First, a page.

A sense of pride is the feeling of deep pleasure or satisfaction which comes from your achievements.
Taking pride in your work is a massively important role for any professional. Being a seafarer that should be easy – but sadly it is not always the case.
Many people work for the sake of working, just to get a pay cheque at the end of the month – there is nothing more to it than that. But being a seafarer is different – the life at sea, the danger of the oceans, the parting from family. Overcoming just the basics should be seen as an achievement and something to be proud about.
The fact that seafarers make the world work, should be a source of immense pride and satisfaction. From your efforts on your own ship, through the work of the other 1.5 million seafarers – without seafarers people would go hungry, trade would collapse and the modern world we take for granted would be impossible.
It’s got your Name on It: Everything you do, every watch that passes safely, every one of your crew mates you work to protect to keep safe. Every cargo you deliver. The safety of the voyage is down to you. Be proud about that.
Build a Reputation for Good Work: Be the best you can be – alert, lively, enthusiastic, knowledgeable – learning from others and teaching them too. Remember to build a reputation for being all you can be – and take pride from that.
Embrace your Role: Whatever your rank you are a vital part of the process. Embrace your importance and the key elements you provide to make the ship greater than the sum of its parts. Find meaning in what you do – understand the bigger picture and of your role in making things happen.
Getting Better all the Time: Pride also involves the recognition that you can always learn, experience more and improve. Embrace the opportunities and get better, that will be a source of immense pride.
Stay True to You: You are a seafarer, embrace what that means – the history, the culture and the importance for the future. You are a professional doing things that so many others could never dream of. Be proud of that – and remember every day what you have achieved.
OK – so there are things you can do to enhance your own sense of pride. Great – but what is being done to remind the rest of society of the importance of maritime professionals?
All too often it is only bad news which focuses on seafarers – when an accident happens, or when crews are abandoned. The amazing work of charities is great, but does this approach paint seafarers as professionals or victims?
So what can be done to make the world understand just how important seafarers are, and of the immensely difficult job done and of the proud, skilled, intelligent and brave people doing it?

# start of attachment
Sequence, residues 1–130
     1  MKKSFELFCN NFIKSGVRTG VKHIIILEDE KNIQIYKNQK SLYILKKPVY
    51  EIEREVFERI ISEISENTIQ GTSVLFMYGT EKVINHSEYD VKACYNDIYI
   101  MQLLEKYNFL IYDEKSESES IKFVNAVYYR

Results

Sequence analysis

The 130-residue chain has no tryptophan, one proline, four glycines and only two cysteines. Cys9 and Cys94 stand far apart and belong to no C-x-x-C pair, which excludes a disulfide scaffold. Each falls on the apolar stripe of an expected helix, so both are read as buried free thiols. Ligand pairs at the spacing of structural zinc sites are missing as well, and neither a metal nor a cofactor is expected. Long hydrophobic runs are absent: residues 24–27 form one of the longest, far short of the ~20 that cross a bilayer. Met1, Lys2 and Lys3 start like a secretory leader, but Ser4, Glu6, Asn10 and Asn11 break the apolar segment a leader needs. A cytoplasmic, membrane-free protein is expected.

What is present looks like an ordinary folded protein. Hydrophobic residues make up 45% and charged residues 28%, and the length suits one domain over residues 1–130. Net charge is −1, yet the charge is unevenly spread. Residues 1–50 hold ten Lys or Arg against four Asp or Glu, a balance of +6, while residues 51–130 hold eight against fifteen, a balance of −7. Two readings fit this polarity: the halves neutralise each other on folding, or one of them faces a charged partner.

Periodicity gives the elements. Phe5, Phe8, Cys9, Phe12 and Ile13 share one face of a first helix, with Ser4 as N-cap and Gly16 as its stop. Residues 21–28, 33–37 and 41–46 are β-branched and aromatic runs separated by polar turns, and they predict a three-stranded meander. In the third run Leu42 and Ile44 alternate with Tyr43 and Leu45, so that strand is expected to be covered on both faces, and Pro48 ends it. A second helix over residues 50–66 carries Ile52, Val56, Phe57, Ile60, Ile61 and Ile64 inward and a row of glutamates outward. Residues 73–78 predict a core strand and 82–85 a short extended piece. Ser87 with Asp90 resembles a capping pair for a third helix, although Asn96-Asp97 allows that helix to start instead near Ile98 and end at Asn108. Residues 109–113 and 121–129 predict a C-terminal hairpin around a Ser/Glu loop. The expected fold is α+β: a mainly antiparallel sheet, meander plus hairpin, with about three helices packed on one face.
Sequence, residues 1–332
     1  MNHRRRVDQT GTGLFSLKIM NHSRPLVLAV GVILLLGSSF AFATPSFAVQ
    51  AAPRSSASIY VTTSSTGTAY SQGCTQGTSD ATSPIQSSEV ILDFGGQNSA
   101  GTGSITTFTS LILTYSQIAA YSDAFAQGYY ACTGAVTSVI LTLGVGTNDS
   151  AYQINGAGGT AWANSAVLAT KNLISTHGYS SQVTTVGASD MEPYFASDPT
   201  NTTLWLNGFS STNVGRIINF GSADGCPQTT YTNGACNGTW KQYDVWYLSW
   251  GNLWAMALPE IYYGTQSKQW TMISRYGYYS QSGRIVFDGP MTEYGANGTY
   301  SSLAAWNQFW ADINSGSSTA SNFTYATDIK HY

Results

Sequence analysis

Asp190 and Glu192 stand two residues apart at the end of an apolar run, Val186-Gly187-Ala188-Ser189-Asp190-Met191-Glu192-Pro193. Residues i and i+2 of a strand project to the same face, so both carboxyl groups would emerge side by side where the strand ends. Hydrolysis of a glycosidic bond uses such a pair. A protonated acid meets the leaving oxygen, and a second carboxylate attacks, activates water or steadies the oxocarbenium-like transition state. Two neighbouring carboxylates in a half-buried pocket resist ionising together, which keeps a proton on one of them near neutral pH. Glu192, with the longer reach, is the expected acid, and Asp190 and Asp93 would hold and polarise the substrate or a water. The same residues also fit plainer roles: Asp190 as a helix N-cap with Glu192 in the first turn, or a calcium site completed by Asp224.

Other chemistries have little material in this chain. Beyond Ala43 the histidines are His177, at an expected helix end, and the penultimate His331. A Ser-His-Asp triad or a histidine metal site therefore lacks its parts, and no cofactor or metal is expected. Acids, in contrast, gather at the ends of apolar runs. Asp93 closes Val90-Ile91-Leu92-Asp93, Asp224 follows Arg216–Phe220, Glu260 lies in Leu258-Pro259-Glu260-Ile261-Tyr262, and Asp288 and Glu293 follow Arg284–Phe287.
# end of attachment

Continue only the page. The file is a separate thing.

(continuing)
The work of maritime charities in caring for seafarers is phenomenal and that is something we should be proud of. But they are also involved in promoting the value, importance and significance of seafarers.
Seafarers Awareness Week, for instance, the annual campaign coordinated by Seafarers UK – the charity that supports the maritime community is working hard to ensure people know of Britain’s dependence on seafarers.
What about other countries? Is that done there too? As an ‘island nation’ the UK has always been dependent on seafarers. No Briton lives more than 70 miles from the coast. And the ports industry is the largest in Europe, employing many thousands of people whose jobs depend on vital seaborne imports and exports.
Even in the UK though there is ignorance and apathy, so what else can and should be done? http://www.seafarersawarenessweek.org/
Day of the seafarer 2015 is fast approaching – June 25th to be precise. This year the International Maritime Organization (IMO) is shifting its focus to maritime education.
The push is to make people consider a career at sea. According to the IMO, “Most people go to work in offices, factories and shops, but it’s a different picture for seafarers: an office can be a hundred thousand-ton oil tanker or a cargo ship navigating the world’s oceans with beautiful landscapes”.
The day will focus on showing what a career at sea could look like. But will that work? What do you think?
The Navigator project from the Nautical Institute has been looking into this issue, and the magazine has been produced to give a feel of the potential of being a navigator or deck officer. http://www.nautinst.org/en/Publications/the-navigator/
While the Institute of Marine Engineering, Science and Technology (IMarEST) has been working with Crewtoo to reach out to engineers to try and engage with their professionalism. www.imarest.org/
What do you think? Tell us how you have found your professional pride, or of how the industry needs to do more.